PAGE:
Roth IRA
IRAs funded with nondeductible contributions; not taxed upon withdrawal.
Simplified Employee Pension (SEP)
An option for business owners and self-employed individuals as a method to contribute toward their employees' retirement as well as their own retirement savings.
Social Security
A federal government program of social insurance and benefits including retirement income, disability income, Medicare and Medicaid, and death and survivorship benefits.
Stock
Share of ownership in a company, traded on one or more exchanges.
Tax-Advantaged
Any investment, account or plan that is tax-exempt, is tax-deferred or offers other tax benefits.
Tax Deferral
Taxes are not due on the account's earnings (and in some cases, contributions made to the account) until they're withdrawn.
Thrift Savings Plan (TSP)
Employer-sponsored retirement plan for federal employees and service members. Employees contribute a portion of their pay, which is matched by the employers.
Traditional IRA
IRA that allows individuals to contribute pretax income, up to certain annual limits, toward investments that can grow tax-deferred.
Trust
Agreement in which assets are transferred from a grantor to a trustee for the purpose of benefiting one or more beneficiaries.
Trustee
Individual, bank or trust company having fiduciary responsibility for holding plan assets.

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Nondeposit products offered through Navy Federal Brokerage Services, LLC (NFBS), member FINRA/SIPC. Insurance products sold through licensed agents appointed with various companies. Investment advisory services offered through Navy Federal Asset Management, LLC (NFAM). NFBS and NFAM operate under the marketing name of Navy Federal Investments & Insurance. Nondeposit investment products are not federally insured, are not obligations of the credit union, are not guaranteed by the credit union or any affiliated entity, and involve investment risks, including loss of principal, and may be offered by an employee who serves both functions of accepting members' deposits and the selling of nondeposit investment products. NFBS and NFAM products are not offered, recommended, sanctioned or encouraged by the Federal Government. Office of Supervisory Jurisdiction, 12851 Worldgate Drive, Herndon, VA 20170; phone 1-877-221-8108; fax 703-332-0424.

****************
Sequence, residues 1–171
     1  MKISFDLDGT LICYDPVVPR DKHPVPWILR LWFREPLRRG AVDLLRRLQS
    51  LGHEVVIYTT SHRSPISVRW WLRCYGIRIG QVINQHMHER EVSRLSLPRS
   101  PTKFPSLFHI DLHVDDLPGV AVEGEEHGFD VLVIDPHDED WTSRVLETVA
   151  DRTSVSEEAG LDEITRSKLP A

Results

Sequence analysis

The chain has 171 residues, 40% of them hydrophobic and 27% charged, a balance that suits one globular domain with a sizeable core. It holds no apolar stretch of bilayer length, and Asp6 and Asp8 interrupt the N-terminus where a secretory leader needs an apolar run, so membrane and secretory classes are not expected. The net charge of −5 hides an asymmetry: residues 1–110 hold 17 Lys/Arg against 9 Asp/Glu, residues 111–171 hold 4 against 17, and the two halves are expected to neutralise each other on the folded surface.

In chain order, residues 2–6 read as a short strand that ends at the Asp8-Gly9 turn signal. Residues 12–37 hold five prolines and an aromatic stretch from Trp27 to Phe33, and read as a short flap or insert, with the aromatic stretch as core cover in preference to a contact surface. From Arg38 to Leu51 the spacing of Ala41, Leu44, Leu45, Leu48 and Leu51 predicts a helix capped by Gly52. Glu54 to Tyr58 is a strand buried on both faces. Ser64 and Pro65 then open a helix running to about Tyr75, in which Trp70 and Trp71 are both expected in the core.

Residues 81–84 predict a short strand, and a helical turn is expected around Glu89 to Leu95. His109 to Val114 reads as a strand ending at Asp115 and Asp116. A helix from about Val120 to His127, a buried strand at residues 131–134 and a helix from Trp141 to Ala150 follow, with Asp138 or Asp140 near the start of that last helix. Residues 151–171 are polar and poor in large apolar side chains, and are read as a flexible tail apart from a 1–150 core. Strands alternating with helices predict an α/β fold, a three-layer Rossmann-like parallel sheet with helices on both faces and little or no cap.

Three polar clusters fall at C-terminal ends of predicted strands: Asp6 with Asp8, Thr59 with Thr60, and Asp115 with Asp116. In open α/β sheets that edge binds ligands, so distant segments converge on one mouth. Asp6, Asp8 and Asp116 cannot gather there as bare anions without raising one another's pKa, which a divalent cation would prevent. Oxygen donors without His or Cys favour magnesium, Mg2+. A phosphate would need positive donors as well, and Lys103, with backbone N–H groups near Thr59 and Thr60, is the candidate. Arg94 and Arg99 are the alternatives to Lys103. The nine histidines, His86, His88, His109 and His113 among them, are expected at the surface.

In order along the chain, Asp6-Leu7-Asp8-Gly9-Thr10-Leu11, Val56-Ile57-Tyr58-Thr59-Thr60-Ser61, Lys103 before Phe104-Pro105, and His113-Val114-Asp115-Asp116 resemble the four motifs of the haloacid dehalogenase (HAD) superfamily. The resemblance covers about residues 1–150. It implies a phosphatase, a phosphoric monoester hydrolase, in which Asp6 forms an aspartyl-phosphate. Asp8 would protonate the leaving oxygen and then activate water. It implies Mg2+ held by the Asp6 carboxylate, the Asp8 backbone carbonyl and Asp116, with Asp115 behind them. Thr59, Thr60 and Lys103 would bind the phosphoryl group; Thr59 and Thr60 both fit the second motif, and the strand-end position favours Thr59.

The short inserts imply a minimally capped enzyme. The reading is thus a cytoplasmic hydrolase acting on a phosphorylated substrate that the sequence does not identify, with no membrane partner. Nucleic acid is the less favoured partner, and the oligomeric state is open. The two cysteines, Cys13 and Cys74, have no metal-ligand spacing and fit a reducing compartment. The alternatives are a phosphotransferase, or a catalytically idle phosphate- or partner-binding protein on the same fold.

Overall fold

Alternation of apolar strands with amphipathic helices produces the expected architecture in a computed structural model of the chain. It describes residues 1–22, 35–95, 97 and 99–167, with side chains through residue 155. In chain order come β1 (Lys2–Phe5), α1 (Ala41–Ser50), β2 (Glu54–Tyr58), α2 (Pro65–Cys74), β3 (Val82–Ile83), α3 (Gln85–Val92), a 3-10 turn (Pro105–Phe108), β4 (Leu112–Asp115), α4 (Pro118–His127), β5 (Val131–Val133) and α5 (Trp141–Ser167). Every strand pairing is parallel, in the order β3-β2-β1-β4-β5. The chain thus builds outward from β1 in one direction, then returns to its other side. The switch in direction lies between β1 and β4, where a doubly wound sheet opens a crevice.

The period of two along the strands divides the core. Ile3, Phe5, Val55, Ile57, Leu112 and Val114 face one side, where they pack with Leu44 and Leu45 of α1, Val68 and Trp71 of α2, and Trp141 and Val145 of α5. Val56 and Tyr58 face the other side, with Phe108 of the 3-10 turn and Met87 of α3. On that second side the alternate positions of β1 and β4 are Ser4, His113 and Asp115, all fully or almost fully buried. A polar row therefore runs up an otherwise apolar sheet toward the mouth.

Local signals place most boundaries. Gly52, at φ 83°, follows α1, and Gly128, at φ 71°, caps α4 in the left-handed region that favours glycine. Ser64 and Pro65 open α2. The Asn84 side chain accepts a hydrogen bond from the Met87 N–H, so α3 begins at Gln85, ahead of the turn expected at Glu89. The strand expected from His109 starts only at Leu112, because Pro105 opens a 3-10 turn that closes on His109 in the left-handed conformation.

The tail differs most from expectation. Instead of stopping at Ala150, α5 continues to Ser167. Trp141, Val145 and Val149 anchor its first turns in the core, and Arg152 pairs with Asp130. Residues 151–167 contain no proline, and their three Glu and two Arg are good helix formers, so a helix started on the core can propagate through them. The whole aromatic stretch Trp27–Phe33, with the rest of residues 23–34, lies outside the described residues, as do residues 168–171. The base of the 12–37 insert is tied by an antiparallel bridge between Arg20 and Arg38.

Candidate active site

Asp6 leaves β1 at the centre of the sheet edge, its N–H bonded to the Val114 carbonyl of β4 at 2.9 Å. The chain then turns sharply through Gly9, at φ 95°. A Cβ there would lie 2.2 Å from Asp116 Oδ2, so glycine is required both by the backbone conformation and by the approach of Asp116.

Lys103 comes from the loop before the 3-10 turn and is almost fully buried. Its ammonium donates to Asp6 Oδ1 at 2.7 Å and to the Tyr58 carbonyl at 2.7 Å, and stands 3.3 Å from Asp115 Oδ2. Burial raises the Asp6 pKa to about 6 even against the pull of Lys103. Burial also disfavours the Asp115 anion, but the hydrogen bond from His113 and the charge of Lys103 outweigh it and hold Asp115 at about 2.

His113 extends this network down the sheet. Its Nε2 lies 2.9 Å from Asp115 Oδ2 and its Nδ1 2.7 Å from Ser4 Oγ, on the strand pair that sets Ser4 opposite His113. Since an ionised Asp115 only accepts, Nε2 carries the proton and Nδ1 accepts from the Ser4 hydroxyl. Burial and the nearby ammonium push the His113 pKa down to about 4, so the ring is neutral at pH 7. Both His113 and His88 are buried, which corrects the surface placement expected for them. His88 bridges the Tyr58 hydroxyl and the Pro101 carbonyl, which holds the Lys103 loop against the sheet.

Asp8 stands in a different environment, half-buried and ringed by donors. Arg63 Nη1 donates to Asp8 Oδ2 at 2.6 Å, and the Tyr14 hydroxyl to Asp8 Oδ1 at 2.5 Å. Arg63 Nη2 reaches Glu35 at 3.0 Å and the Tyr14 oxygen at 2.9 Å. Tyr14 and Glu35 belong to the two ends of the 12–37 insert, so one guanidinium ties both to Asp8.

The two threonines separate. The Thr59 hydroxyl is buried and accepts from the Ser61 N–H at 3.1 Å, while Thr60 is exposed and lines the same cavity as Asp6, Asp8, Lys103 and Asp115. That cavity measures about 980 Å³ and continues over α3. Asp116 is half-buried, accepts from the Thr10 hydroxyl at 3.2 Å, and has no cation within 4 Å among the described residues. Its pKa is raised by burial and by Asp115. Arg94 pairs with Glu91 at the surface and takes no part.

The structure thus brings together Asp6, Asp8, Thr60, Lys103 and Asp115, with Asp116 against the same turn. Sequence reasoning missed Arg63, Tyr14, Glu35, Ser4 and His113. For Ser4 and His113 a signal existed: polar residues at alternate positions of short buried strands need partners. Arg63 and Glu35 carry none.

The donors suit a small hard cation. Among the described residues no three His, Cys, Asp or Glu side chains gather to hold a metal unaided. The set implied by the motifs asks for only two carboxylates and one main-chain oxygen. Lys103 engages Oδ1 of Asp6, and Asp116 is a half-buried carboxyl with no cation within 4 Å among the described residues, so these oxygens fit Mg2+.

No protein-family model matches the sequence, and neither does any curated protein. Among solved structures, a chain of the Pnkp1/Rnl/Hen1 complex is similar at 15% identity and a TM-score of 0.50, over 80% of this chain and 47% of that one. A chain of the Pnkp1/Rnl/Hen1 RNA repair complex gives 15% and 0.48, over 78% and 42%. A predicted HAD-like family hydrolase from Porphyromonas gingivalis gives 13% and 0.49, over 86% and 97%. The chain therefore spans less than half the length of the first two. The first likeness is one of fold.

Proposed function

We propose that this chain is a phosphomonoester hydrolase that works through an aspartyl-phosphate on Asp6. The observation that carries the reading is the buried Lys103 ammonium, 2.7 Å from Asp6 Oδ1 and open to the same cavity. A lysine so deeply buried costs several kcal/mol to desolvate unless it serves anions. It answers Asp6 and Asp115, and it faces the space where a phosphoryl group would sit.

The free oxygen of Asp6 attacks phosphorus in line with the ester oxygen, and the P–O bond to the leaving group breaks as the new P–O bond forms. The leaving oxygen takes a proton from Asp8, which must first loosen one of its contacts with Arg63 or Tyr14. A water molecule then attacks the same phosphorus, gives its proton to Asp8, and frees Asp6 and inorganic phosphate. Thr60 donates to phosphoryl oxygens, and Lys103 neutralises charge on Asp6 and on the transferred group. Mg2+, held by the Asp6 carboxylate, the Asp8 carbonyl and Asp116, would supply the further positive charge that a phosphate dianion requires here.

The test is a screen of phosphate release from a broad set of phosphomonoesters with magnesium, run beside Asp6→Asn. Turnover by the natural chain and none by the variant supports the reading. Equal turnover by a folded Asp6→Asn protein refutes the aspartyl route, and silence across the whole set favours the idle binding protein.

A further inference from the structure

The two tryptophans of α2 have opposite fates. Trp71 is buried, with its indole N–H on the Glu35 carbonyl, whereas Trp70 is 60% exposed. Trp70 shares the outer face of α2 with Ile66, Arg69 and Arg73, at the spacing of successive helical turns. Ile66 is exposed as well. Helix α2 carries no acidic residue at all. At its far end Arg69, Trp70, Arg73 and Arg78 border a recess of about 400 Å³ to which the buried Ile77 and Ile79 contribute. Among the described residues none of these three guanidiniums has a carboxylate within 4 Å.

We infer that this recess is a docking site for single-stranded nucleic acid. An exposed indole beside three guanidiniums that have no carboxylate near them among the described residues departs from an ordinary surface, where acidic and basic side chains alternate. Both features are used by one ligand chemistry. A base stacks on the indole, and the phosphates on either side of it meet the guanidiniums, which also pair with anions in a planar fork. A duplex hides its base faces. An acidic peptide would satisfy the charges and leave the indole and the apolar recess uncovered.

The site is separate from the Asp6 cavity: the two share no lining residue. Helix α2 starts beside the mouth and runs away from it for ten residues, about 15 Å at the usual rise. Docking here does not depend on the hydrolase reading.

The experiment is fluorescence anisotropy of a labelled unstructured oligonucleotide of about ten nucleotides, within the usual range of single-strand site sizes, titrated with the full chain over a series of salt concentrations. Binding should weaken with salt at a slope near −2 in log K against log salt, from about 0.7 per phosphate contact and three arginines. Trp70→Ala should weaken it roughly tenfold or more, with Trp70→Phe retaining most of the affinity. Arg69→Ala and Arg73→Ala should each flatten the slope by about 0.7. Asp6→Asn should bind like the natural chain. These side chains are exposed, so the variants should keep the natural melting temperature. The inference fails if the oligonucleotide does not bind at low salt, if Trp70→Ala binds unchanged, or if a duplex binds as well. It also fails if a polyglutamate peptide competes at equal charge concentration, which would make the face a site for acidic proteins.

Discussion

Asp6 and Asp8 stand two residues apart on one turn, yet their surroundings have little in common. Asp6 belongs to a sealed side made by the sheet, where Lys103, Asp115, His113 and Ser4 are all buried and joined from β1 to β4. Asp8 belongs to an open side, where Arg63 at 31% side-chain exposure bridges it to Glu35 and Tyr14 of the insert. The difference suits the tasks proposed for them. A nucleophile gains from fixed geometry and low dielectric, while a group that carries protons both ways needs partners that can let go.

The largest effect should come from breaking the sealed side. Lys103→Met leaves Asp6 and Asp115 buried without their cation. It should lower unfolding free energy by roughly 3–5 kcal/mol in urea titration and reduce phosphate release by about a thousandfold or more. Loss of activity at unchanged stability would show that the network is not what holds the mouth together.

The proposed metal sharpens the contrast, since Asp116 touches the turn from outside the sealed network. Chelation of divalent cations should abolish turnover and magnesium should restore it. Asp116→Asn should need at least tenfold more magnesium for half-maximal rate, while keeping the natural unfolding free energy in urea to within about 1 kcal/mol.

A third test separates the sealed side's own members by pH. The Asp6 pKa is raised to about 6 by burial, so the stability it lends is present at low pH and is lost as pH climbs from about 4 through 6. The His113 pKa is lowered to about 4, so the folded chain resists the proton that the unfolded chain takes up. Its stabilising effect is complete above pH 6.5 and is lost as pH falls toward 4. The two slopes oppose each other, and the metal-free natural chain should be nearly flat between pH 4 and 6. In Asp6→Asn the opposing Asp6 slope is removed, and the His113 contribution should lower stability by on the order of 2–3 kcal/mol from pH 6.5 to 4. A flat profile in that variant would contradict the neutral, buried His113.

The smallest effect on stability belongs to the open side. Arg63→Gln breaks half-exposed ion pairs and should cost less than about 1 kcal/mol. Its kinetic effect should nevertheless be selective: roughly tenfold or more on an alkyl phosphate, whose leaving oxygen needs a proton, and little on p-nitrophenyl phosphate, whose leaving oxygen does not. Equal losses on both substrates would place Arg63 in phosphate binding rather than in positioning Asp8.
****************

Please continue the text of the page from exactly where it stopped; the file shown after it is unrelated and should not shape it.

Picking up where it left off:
Investors should carefully consider the investment objectives, risks, and charges and expenses associated with municipal fund securities before investing. This and other information about municipal fund securities is available in the issuer's official statement which can be obtained directly from the issuer, or if distributed through a broker dealer, may be obtained from a financial adviser, and should be read carefully before investing.

An investor should consider, before investing, whether the investor's or designated beneficiary's home state offers any state tax or other benefits that are only available for investments in such state's qualified tuition program.

If a municipal fund security describes one or more of their investment options as having the characteristics of a money market fund, it is important to know that an investment in the security is not insured or guaranteed by the FDIC or any other government agency (unless such guarantee is specifically provided by or on behalf of such issuer) and, if the security is held out as maintaining a stable net asset value, that although the issuer seeks to preserve the value of the investment at $1.00 per share or such other applicable fixed share price, it is possible to lose money by investing in the security.